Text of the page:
For many, many years now scientists and sci-fi writers have been promising us flying cars. But so far, these vehicles have not made an appearance on our roadways or skyways. As a veteran motor sports photographer, however, I can tell you that flying cars do exist, and I have per sally made many sightings at racetracks around the country over the past 30 years. The most recent example was just this past weekend at Barber Motorsports Park near Birmingham, Alabama, when the green Ford Mustang pictured above made a brief flight after touching wheels with an Aston Martin shortly after the start of the race.
Over the years, there have been numerous reports of flying cars at an uphill section of the Lime Rock road course in Lakeville, CN. I myself documented several instances of flying cars at tis location, such as the Porsche, pictured above at a Grand-Am race in 2007. A more recent track modification has grounded all the cars for the time being at Lime Rock.
No less than the famous NASCAR Hall of Famer Rusty Wallace himself has piloted a flying car on more than one occasion. I , among others, recorded his well documented flight of a Pontiac Le Mans at Daytona in 1993. Wallace, however, has yet to "stick" a landing!
One of my earliest photographs of a flying car took place at Daytona in a 1987 Daytona 500 qualifier. Phil Barkdoll slid sideways on the front stretch before, to everyone's surprise, his Oldsmobile headed skyward, the direct result of the recent downsizing of NASCAR stock cars in the 1980's Apparently the smaller, light cars did just fine when running a high speed in a nose-forward attitude. When the cars presented their sides or rears to the wind, however, the drivers quickly became pilots !
SO, while we still await the arrival of flying cars on the public roadways of the world, they are already a fairly common sight on our racetracks, although the flights do not tend to be of very long duration, and landings remain a problem.
I guess it's only fitting that the first entry into my new blog features old race cars. After all I basically got involved in photography 30 years ago to be able to take decent pictures of one of the sports I love: auto racing. Obviously, that wasn't the only reason I first picked up a camera, it certainly figured heavily into it.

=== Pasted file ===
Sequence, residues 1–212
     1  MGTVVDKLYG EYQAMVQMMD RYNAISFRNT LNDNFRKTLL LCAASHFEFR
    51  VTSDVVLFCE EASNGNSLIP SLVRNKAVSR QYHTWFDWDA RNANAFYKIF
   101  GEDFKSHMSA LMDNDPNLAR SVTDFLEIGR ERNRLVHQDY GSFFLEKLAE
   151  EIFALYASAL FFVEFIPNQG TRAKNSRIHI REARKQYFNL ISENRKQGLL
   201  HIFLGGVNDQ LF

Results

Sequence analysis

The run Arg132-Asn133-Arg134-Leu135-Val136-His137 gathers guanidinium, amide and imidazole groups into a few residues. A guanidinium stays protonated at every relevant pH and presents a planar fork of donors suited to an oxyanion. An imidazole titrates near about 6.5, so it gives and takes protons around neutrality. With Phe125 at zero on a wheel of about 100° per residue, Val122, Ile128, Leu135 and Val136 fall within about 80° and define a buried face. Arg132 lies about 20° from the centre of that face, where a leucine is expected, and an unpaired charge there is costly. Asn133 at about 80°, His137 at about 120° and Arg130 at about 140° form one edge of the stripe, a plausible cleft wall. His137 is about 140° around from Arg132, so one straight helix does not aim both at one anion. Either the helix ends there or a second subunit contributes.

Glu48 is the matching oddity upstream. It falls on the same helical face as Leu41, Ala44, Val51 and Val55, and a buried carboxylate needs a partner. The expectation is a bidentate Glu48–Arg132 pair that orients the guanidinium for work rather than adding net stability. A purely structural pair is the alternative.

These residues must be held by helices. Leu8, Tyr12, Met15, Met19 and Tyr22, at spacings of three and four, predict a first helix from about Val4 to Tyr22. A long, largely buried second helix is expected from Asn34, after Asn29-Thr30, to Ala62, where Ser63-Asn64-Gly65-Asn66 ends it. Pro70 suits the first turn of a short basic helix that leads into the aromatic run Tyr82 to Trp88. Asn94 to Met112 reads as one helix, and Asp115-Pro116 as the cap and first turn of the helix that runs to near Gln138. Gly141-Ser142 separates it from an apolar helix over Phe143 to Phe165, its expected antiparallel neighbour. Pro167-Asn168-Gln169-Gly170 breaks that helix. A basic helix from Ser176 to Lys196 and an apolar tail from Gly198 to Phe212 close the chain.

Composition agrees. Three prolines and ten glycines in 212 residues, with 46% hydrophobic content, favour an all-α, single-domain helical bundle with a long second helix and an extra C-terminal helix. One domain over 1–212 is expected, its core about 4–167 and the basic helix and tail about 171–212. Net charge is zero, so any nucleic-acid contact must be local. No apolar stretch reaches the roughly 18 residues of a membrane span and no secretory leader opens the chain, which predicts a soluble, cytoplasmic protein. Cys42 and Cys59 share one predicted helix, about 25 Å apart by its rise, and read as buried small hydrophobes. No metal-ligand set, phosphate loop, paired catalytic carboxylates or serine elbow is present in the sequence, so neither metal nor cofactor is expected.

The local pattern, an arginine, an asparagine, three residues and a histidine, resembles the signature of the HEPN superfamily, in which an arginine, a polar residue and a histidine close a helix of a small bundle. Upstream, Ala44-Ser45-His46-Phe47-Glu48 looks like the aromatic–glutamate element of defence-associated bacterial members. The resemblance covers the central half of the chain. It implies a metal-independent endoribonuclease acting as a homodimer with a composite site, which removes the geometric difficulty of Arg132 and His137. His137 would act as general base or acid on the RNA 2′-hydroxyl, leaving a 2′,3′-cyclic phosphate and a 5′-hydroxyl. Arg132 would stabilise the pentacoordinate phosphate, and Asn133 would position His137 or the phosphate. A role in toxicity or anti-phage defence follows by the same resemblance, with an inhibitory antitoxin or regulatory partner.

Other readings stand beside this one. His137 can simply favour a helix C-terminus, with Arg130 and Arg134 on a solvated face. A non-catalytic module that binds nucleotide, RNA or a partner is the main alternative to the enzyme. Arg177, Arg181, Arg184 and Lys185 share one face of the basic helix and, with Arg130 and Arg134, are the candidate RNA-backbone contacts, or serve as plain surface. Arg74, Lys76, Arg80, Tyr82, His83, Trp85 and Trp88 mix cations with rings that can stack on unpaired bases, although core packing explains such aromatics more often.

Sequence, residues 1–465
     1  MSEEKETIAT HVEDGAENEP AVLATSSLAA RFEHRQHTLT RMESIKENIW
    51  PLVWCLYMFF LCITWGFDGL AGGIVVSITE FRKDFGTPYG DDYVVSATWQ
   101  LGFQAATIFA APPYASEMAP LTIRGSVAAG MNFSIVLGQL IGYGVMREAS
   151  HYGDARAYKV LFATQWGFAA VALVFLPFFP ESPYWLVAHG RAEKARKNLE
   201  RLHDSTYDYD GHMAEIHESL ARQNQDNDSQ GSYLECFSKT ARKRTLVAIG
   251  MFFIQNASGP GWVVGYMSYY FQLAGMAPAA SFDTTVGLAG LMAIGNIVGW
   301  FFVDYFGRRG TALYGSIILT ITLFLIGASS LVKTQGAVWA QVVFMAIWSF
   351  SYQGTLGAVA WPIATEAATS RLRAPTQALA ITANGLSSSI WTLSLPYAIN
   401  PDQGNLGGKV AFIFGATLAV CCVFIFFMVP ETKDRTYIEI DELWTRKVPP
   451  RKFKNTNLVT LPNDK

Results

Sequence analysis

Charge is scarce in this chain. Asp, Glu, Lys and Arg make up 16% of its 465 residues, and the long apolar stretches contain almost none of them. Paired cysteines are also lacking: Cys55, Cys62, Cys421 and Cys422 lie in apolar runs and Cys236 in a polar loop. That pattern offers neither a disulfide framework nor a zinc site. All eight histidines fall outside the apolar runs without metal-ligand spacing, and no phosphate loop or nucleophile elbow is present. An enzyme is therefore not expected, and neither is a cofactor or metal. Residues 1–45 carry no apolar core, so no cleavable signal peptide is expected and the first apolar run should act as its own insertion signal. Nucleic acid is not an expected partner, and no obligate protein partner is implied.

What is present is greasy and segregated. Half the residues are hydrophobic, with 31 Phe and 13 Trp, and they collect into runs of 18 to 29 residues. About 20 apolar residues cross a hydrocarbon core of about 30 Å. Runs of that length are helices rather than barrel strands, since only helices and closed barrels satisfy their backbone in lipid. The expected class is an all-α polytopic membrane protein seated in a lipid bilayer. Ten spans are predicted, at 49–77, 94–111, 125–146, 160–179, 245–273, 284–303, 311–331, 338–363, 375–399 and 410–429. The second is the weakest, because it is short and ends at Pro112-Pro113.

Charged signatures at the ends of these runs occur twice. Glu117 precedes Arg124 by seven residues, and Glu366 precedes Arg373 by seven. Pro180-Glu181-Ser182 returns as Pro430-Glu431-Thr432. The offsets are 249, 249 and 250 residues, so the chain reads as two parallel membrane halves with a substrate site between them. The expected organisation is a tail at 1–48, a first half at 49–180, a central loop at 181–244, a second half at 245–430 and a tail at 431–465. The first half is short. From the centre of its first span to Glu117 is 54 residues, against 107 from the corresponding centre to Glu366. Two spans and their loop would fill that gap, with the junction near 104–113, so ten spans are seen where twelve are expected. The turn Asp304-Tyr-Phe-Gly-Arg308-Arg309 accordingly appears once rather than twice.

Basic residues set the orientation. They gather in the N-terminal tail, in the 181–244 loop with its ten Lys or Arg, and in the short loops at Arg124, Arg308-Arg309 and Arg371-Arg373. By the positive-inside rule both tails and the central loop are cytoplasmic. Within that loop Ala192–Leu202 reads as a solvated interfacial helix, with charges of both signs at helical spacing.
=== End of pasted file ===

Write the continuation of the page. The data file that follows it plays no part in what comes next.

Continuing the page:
For one thing, auto racing lends itself quite nicely to photography, with its bright colors, spectacular action and high emotions. I've photographed hundreds of motor races since 1977 including the Indy 500, Daytona 500 and Rolex 24 Hours of Daytona, so when "Rennsport Reunion III" rolled into Daytona International Speedway this past weekend and I was offered a n assignment to work the event, which featured hundreds of historic Porsche race cars and drivers, I jumped at it.
I'd actually photographed many of these machines in the past when they were "racing in anger" as the saying goes, so it brought back many memories.
The photo I've included in this post features the yellow #48 Porsche 917 driven by Jim Torres doing battle with the tiny #4 Porsche 908 of Phil Daigrepont in the Group 4 race on Sunday afternoon. I was struck by the tremendous difference in the size of the two cars as they raced side-by-side around Daytona's famous race course.
The color and history of an event like this recommends it highly to any photographer looking to fill his portfolio with images of these rolling works of art.